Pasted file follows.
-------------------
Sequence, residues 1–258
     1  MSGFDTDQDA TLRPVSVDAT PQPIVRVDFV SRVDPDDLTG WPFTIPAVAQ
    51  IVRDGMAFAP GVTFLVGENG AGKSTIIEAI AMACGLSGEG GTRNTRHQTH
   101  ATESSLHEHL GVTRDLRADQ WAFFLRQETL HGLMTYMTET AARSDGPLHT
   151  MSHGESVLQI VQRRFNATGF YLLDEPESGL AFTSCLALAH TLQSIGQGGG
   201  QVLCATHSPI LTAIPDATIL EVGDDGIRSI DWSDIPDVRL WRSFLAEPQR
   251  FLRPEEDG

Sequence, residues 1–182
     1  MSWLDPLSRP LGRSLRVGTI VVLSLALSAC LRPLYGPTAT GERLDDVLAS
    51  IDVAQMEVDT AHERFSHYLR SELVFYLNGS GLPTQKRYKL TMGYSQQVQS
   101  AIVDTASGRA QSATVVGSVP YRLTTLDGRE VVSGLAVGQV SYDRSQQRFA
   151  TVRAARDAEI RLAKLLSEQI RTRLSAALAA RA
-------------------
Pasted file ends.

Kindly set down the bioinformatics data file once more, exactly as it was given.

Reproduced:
Sequence, residues 1–258
     1  MSGFDTDQDA TLRPVSVDAT PQPIVRVDFV SRVDPDDLTG WPFTIPAVAQ
    51  IVRDGMAFAP GVTFLVGENG AGKSTIIEAI AMACGLSGEG GTRNTRHQTH
   101  ATESSLHEHL GVTRDLRADQ WAFFLRQETL HGLMTYMTET AARSDGPLHT
   151  MSHGESVLQI VQRRFNATGF YLLDEPESGL AFTSCLALAH TLQSIGQGGG
   201  QVLCATHSPI LTAIPDATIL EVGDDGIRSI DWSDIPDVRL WRSFLAEPQR
   251  FLRPEEDG

Sequence, residues 1–182
     1  MSWLDPLSRP LGRSLRVGTI VVLSLALSAC LRPLYGPTAT GERLDDVLAS
    51  IDVAQMEVDT AHERFSHYLR SELVFYLNGS GLPTQKRYKL TMGYSQQVQS
   101  AIVDTASGRA QSATVVGSVP YRLTTLDGRE VVSGLAVGQV SYDRSQQRFA
   151  TVRAARDAEI RLAKLLSEQI RTRLSAALAA RA